Background: microRNAs (miRNAs) are emerging as key regulators of the immune system, but their role in CD8+ T cell differentiation is not well explored. Some evidence suggests that signals from cell surface receptors influence the expression of miRNAs in CD8+ T cells, and may have consequent effects on cell phenotype and function. We set out to investigate whether common gamma chain cytokines modulated human CD8+ T cell expression of miR-146a, which previous studies have associated with different stages of CD8+ differentiation. We also investigated how changes in miR-146a related to other miRNAs that alter with CD8+ differentiation status.
Methods: We treated human CD8+ T cells with the cytokines IL-2, IL-7 or IL-15 either at rest or after stimulation with anti-CD3 and anti-CD28. For some experiments we also purified human CD8+ T cell subsets ex vivo. Flow cytometry was used in parallel to assess cell surface memory marker expression. Total RNA from these cells was subjected to microarray analysis and real-time PCR for miRNA expression. Nucleofection studies were performed to assess potential mRNA targets of miR-146a.
Results: We find that miR-146a is up-regulated in naïve CD8+ T cells exposed to IL-2 or IL-15, even in the absence of an activating T cell receptor stimulus, but not when IL-7 is also present. miR-146a expression correlates with a memory phenotype in both ex vivo and in vitro cultured cells although in our hands overexpression of miR-146a was not sufficient alone to drive a full memory phenotype. In ex vivo analysis, miR-146a was one of a small number of miRNAs that was differentially expressed between naïve and memory CD8+ T cells.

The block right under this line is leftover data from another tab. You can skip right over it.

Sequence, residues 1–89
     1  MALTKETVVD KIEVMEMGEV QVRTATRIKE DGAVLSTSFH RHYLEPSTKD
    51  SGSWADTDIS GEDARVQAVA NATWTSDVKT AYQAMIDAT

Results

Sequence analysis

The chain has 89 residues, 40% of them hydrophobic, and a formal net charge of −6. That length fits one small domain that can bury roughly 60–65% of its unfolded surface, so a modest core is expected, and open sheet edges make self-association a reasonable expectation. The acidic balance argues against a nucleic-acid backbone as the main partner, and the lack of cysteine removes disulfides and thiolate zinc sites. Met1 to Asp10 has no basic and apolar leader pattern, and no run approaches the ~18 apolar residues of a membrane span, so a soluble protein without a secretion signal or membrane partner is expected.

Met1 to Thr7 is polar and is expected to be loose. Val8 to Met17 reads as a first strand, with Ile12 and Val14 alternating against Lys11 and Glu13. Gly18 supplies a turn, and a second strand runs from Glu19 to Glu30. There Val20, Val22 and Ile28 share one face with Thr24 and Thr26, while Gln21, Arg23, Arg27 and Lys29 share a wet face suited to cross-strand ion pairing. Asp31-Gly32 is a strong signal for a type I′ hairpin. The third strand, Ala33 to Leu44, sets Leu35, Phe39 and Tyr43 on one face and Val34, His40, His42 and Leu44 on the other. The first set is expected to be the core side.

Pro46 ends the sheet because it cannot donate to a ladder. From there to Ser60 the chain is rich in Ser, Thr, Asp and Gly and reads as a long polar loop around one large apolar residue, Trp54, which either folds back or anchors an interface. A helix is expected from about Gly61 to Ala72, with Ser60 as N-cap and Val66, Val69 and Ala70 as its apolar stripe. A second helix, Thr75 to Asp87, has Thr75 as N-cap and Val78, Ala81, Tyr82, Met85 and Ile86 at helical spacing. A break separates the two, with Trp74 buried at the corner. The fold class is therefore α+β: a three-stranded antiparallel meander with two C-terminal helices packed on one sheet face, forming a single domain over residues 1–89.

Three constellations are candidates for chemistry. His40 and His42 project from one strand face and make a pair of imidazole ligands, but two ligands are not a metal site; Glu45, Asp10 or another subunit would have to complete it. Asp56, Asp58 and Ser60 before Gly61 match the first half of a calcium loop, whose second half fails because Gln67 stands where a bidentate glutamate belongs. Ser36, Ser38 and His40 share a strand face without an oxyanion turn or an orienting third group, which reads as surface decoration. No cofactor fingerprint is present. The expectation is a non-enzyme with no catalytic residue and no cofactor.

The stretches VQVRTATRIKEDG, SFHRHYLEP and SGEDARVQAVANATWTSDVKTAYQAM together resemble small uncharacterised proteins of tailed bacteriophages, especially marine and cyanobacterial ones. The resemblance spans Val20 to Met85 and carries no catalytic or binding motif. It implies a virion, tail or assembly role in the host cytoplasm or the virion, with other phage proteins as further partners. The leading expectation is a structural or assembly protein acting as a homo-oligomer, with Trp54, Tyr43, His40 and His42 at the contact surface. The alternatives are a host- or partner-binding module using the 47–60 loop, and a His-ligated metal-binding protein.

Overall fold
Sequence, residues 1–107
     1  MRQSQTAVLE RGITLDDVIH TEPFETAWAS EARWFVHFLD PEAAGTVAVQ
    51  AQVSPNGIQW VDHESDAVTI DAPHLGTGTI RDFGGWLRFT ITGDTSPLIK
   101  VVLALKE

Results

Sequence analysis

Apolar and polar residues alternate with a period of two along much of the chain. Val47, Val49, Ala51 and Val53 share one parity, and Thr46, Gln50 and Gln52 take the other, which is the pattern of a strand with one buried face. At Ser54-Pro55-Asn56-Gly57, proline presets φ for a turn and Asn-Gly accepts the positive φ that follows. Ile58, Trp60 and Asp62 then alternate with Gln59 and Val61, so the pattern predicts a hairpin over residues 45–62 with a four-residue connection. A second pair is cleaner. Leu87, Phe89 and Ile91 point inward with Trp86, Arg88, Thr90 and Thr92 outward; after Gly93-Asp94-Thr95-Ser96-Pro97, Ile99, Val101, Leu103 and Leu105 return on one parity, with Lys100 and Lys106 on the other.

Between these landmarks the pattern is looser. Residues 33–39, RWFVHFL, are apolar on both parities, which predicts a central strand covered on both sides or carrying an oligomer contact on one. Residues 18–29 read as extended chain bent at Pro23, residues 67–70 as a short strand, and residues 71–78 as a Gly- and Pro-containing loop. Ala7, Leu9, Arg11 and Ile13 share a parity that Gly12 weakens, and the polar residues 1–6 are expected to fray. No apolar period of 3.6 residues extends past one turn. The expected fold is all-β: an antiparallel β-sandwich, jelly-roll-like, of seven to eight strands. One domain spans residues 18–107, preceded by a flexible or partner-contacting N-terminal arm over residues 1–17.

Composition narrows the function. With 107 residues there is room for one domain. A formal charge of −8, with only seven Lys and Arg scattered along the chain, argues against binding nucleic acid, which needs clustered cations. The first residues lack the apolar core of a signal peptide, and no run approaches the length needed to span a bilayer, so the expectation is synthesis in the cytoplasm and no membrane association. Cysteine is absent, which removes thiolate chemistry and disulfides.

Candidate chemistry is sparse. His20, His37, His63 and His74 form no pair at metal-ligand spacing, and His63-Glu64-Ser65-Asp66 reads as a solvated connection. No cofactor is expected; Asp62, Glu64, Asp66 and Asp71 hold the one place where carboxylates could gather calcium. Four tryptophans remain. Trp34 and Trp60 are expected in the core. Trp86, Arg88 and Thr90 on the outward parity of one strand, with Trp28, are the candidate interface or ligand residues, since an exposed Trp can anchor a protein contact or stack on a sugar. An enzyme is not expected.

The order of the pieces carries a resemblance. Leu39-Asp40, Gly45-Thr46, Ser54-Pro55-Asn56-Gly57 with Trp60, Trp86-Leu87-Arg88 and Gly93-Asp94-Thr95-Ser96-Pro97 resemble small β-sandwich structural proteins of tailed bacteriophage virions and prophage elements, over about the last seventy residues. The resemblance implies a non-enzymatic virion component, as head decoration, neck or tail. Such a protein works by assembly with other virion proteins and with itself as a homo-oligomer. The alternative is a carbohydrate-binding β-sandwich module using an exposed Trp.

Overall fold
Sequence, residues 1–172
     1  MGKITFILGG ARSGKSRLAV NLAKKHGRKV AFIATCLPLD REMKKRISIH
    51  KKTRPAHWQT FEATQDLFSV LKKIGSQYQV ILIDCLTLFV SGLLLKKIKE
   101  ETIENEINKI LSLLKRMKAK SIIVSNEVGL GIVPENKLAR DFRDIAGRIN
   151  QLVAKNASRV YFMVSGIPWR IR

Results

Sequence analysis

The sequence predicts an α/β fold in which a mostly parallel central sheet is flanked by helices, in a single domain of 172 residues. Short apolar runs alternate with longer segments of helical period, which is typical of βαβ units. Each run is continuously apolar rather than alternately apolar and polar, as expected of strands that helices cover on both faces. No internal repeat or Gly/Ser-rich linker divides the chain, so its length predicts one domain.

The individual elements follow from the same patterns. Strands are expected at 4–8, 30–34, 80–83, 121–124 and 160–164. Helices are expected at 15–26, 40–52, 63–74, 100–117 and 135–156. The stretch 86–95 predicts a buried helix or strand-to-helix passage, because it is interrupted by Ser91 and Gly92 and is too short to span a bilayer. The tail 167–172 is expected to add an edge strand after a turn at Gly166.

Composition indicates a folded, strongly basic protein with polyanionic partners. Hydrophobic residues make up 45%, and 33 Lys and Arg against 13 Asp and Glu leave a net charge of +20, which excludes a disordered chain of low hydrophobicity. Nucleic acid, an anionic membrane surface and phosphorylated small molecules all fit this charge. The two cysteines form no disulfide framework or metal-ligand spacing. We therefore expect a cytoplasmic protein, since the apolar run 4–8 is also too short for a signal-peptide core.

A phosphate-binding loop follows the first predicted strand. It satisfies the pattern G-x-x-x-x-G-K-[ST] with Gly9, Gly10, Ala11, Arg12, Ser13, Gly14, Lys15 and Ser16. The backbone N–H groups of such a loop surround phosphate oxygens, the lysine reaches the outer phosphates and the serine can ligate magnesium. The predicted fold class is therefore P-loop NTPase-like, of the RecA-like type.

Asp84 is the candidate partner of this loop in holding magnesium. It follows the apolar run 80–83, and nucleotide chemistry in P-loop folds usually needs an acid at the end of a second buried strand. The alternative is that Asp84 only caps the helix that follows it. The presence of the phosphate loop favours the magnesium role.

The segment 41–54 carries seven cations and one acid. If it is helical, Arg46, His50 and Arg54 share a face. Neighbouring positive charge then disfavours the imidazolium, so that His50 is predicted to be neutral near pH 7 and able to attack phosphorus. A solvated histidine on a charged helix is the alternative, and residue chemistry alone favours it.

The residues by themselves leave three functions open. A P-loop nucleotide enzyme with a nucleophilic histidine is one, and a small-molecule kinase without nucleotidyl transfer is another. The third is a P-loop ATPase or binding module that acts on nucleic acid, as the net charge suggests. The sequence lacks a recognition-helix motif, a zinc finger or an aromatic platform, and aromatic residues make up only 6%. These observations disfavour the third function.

Conclusions: miR-146a is emerging as a critical regulator of immune system. Our data shows that miR-146a expression is strongly influenced by the cytokine milieu even in the absence of a T cell receptor stimulus. Our results have implications for studies designed to assess the function of miR-146a, help to define a fingerprint of miRNA expression in CD8+ T cell subsets and may be useful when designing optimal protocols for T cell expansion as efficacy of T cell immunotherapy is correlated with an 'early' memory phenotype.